Staff in the Dutch archives are generally helpful, but they cannot do your research for you. They will not translate acts for you, but they will help you when you are stuck on a single word. To do research in Dutch archives, you will need to understand Dutch (or take someone with you who does).
Times in Dutch acts
Dutch acts usually contain the time of birth, death or marriage. In the 19th and early 20th century, times were usually rounded to the nearest half hour, and written in the 12-hour notation. After that, times became more precise, and the 24-hour notation was used.
Whole hours are easy to understand, you only need to know the first twelve numerals: één (or een), twee, drie, vier, vijf, zes, zeven, acht (in older acts also agt), negen, tien, elf, twaalf. You can also find these numerals in any Dutch dictionary, or in the Dutch genealogy dictionary. The time will often be written as om .. uur, ten .. uur or ten .. ure: om zes uur, ten zes ure, at six o'clock.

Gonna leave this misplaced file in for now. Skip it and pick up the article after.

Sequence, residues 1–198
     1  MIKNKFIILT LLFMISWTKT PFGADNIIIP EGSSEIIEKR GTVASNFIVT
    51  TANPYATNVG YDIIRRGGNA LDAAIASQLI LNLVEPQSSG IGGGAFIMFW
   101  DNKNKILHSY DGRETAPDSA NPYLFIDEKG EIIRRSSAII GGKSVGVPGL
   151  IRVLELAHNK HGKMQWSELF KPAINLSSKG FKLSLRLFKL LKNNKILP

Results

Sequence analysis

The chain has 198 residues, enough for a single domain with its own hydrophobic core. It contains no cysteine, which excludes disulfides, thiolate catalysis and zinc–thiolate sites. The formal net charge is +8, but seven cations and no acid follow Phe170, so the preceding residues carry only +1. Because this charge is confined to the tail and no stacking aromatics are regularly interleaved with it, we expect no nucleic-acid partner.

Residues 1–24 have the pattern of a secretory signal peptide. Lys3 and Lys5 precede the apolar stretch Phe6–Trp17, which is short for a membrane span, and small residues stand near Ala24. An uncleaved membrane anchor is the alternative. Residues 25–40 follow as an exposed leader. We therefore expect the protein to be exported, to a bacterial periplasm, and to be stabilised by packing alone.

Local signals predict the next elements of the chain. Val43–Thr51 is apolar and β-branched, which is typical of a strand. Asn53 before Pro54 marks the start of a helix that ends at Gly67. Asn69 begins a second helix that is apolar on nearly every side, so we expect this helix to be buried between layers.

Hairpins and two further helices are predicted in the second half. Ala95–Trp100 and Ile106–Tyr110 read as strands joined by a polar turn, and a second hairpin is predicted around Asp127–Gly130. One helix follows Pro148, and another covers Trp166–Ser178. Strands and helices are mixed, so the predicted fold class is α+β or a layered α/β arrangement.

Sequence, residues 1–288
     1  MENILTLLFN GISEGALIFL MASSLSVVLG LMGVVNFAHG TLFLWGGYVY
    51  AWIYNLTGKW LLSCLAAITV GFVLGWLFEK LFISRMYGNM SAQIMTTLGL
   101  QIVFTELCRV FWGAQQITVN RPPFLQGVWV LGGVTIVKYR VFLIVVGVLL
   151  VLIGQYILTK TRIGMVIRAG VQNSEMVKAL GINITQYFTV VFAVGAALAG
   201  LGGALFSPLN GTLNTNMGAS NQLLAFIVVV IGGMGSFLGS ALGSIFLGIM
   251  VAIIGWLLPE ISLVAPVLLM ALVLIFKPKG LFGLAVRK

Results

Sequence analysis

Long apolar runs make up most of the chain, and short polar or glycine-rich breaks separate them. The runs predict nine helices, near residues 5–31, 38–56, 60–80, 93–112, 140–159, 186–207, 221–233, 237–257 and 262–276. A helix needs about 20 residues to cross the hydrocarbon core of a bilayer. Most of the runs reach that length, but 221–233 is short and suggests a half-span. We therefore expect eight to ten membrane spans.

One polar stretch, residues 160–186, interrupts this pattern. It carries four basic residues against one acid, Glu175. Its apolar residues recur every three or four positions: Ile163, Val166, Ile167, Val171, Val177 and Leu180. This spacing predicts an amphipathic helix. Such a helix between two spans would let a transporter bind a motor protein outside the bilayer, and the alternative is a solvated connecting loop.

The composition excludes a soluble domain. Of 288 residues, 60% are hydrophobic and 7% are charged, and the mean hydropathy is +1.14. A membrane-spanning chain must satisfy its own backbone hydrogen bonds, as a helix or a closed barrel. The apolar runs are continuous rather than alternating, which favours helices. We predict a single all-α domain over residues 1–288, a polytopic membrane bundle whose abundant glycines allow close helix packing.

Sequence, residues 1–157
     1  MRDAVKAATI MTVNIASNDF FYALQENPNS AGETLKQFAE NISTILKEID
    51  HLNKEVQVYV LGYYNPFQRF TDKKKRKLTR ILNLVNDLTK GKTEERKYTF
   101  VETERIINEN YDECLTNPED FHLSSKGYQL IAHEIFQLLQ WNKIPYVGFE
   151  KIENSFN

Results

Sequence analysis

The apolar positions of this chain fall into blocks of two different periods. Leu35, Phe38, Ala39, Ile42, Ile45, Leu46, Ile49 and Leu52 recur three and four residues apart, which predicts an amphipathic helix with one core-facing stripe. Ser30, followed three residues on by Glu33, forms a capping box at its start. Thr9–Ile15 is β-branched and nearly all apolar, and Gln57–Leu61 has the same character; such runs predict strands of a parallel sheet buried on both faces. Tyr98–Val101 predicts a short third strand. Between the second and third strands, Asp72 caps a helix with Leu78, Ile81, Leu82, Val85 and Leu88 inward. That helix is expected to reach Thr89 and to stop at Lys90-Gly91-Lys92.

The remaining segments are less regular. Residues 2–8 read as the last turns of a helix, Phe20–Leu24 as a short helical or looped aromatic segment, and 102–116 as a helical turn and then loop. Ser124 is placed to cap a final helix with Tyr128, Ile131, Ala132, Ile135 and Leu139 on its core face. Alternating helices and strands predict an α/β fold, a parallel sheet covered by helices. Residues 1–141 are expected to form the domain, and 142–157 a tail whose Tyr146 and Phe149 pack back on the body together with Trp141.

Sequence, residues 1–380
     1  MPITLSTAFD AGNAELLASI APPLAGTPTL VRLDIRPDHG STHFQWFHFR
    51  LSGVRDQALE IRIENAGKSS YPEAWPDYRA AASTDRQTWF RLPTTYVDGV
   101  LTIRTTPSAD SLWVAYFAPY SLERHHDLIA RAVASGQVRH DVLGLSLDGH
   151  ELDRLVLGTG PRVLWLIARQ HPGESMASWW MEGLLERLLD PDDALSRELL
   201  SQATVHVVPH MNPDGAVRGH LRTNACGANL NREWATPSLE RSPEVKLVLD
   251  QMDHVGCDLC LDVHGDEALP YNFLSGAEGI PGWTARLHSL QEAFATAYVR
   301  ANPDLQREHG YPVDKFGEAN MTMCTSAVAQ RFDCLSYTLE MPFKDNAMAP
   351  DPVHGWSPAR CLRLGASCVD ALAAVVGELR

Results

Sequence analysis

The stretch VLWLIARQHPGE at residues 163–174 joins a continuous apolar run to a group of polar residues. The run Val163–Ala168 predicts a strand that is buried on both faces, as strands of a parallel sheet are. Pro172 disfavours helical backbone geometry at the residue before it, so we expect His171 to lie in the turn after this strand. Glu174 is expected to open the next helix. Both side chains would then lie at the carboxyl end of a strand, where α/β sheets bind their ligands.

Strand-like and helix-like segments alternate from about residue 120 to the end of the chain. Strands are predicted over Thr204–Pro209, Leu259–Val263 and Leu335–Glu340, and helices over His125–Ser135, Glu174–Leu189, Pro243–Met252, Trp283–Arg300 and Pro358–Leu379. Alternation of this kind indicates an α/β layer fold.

Half hours are a pitfall for English-speaking readers. The word half is added before the numeral of the next hour, and the word uur is sometimes dropped. So om half zes and ten half zes uur (litt. half six) both mean at half past five, and not at half past six!
Modifiers used to distinguish between a.m. and p.m. can be voor de middag, des voormiddags, des voordemiddags, or v.m. (litt. before midday) for a.m., and na de middag, des namiddags, des nademiddags or n.m. (litt. after midday) for p.m. Times can contain the part of day instead of am/pm: des nachts (at night), des ochtends or des morgens (in the morning), des middags (in the afternoon), des avonds (in the evening). The prefix des is occasionally (in modern Dutch usually) abbreviated to 's.
©2007 Henk van Kampen. All rights reserved.